See authentic Ryukyukoku Matsuri Daiko at HMNS' first ever World Trekkers event Feb. 15!In traditional Japanese costumes — with Jikatabi’s (calf-high white cloth shoes) flashing and arms swinging in synchronized movement, rhythmically pounding drums — this high-stepping, high-energy drum and dance troupe has performed worldwide, including at venues like Carnegie Hall in New York City.

In 1995, in association with Ryukyukoku Matsuri Daiko, the people of Okinawa incorporated the Eisa dance into a celebration of summer itself. The “Summer Festival in Naha” now has the world’s spotlight shinning on five days of Eisa being performed in the streets of Okinawa’s capitol city. The last day is capped off with the unbelievable “Ten Thousand Eisa Dance Parade.” Up to 10,000 Eisa dancers process down Kokusai Street, lighting up the city with their colorful costumes and jubilant dance, all proud to be part of Okinawa’s most internationally recognized performing art.

Join HMNS for its first-ever World Trekkers festival celebrating the art, culture and cuisine of Japan and see authentic Ryukyukoku Matsuri Daiko performed up-close by RMD-Texas.

World Trekkers will take place in the Grand Hall on Friday, Feb. 15 from 6:30 to 8:30 p.m. Attendees can opt to buy a passport to track their cultural comprehension through each World Trekker festival, spotlighting Egypt (May 3), France (Aug 9), and Russia (Nov. 15). Tickets are $9 for the public; $7 for members. Click here for more information or here to purchase in advance.

Glimpse: Spirits & Headhunters [12 Days of HMNS]

Today is the Seventh Day of HMNS! In the spirit of the classic holiday carol, we’re taking 12 days to feature 12 different videos that preview or go behind-the-scenes of a holiday museum activity, here on the blog (or, you can get a sneak peek at all the videos on 12days.hmns.org – we won’t tell).

Many of the exhibits we host here – like Genghis Khan or the Terra Cotta Warriors – present objects from long-dead cultures, and the wonder comes from the experience of coming face-to-face with artifacts that were created so long ago. And when you walk through our current Spirits & Headhunters exhibition, and contemplate the absolute beauty of the vibrant, intricate feather art and objects on display, it’s easy to forget that the cultures that created these works are very much alive – though also fast disappearing.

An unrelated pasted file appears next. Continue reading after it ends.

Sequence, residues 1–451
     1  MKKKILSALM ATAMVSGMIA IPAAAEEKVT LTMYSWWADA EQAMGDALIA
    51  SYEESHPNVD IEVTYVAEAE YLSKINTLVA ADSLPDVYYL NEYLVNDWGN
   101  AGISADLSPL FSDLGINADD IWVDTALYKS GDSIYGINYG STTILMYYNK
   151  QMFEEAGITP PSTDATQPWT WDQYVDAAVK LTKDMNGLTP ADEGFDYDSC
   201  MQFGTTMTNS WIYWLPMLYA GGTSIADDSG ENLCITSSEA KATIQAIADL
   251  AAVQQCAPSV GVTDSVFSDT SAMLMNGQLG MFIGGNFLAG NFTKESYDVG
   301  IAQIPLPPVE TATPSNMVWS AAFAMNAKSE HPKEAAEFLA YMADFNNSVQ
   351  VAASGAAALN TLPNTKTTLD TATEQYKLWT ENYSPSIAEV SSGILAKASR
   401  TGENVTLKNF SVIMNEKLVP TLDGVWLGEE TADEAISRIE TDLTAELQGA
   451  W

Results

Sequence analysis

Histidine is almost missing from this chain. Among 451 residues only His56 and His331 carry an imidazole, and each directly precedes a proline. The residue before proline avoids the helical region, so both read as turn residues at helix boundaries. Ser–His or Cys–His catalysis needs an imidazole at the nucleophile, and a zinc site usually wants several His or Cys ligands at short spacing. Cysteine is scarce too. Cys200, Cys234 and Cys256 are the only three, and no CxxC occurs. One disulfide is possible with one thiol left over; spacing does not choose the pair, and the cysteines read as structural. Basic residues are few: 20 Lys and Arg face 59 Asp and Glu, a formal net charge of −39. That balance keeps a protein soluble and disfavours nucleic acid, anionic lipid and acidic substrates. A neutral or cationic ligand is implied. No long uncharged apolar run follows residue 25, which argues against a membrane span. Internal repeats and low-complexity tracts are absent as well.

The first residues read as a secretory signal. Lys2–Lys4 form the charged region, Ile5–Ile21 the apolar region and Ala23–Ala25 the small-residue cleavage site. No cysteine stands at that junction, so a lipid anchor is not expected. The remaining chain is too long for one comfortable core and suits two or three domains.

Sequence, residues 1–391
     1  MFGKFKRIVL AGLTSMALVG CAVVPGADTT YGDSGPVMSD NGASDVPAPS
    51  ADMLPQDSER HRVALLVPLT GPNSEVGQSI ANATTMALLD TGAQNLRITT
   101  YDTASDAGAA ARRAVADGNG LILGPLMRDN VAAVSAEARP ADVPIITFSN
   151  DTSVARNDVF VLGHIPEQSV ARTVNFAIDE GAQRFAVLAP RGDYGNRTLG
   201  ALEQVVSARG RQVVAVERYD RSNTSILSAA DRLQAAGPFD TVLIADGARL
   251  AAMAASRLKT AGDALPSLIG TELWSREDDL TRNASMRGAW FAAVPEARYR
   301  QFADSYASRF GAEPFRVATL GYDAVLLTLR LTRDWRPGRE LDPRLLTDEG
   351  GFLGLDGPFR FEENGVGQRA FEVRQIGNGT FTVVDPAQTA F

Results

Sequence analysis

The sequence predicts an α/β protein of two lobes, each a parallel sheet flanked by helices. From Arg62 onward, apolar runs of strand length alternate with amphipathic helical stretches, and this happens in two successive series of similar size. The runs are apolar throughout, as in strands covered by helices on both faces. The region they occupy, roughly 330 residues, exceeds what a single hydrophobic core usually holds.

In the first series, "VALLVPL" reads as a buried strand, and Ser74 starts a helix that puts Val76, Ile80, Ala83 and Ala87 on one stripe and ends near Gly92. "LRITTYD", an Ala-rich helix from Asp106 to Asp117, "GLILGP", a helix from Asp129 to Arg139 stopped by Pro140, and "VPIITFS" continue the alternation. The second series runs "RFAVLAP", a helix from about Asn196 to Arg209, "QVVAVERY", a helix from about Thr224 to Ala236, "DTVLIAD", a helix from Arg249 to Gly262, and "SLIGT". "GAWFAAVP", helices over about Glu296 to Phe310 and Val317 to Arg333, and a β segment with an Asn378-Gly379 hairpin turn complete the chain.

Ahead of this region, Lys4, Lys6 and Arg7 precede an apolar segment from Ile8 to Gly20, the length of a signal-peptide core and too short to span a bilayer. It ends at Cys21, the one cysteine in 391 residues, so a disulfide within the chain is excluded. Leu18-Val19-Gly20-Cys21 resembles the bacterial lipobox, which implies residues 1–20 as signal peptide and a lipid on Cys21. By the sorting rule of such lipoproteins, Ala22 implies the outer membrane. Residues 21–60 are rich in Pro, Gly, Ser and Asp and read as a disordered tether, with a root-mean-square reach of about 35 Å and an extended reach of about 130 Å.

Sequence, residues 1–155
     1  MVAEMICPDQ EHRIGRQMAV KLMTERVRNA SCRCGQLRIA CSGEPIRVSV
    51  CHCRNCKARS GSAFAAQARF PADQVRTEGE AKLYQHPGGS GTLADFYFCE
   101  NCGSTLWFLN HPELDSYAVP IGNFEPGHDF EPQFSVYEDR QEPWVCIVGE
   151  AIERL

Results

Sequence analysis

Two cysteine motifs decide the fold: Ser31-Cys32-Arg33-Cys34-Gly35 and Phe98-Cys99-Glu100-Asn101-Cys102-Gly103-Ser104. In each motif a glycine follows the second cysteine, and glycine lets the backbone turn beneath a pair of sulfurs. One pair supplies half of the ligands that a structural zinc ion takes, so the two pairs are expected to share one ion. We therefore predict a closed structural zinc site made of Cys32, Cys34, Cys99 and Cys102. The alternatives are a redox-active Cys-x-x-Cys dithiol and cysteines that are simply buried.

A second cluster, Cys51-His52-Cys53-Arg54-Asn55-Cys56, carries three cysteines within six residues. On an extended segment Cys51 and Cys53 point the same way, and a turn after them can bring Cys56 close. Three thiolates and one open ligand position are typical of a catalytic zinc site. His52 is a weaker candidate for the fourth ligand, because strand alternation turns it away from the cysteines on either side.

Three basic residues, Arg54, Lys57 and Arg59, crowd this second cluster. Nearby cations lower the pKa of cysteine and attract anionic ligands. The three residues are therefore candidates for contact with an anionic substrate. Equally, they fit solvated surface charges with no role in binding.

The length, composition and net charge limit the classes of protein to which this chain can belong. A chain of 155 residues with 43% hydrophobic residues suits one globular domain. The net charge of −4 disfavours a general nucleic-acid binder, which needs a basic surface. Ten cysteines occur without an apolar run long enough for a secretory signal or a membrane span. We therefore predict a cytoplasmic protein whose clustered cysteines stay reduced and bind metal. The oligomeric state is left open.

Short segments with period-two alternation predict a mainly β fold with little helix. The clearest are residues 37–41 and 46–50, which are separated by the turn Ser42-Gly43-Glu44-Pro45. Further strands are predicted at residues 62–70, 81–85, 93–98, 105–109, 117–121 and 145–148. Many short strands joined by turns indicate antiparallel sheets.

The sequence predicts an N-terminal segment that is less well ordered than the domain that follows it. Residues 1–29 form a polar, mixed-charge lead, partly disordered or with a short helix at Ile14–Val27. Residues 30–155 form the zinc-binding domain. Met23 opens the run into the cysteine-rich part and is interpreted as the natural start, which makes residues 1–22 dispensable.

Learn more from Adam Mekler, associate curator for Amazonia, who believes, “When a culture disappears, I think an aspect of all humanity disappears.”

Click play to explore the exhibit and discover these vanishing worlds.

Need to catch up?

The First Day of HMNS – Explore: Snow Science
The Second Day of HMNS – Preview: The Chronicles of Narnia Exhibition
The Third Day of HMNS – Preview: Disney’s A Christmas Carol
The Fourth Day of HMNS – Investigate: The Star of Bethlehem
The Fifth Day of HMNS – Shop: The Perfect Gift
The Sixth Day of HMNS – Marvel: Faberge

Get into the holiday spirit! Visit our 12 Days of HMNS web site to see the videos and get more information about each event, exhibit and film: 12days.hmns.org Happy Holidays!

Dead Man’s Party – Dia de los Muertos

Dia de los Muertos artwork by one of our hmns bloggers!

Halloween is this Saturday and everyone is scrambling to put together their costumes and figuring out what parties to go to Friday and Saturday. But what are your plans for Dia de los Muertos on November 2nd!?

The education department here at HMNS offered an encore event to last year’s very popular Dia de los Muertos Educator Overnight and teachers came from all over the greater Houston area to learn about this incredible holiday and how to do some activities with their own students so that they may learn more about the culture. If you want to learn how to make sugar skulls check out this guide online – it has some great tips on how to make some incredible shaped sugar treasures!

Above you’ll see an artwork that references La Calavera Catrina, an etching done by Mexican printmaker Jose Guadelupe Posada in 1913. La Catrina and some of Posada’s other artwork is reproduced and can be seen around town available on book bags, t-shirts and in jewelry – especially around Dia de los Muertos. This piece pictured here is composed completely out of dyed eggshells by one of our very own hmns bloggers!

Below are some of the fun hands on activities and projects the teachers did at the Overnight this year and don’t worry – we’re already thinking up some cool ideas for “Dia de los Muertos II – the Overnight Sequel for Educators” – next October! Drop me a line if you want to receive notice when we start accepting registrations for this Overnight in 2010 – overnights@hmns.org.

Decorating sugar skulls
Decorating sugar skulls
Calacas puppet in progress
Calacas puppet in progress
Cigar box altar
Cigar box altar
This tiny clay skull is perfect for a tiny cigar box altar table!
This tiny clay skull
is perfect for a tiny cigar box altar table!
Completed sugar skulls!
Completed sugar skulls!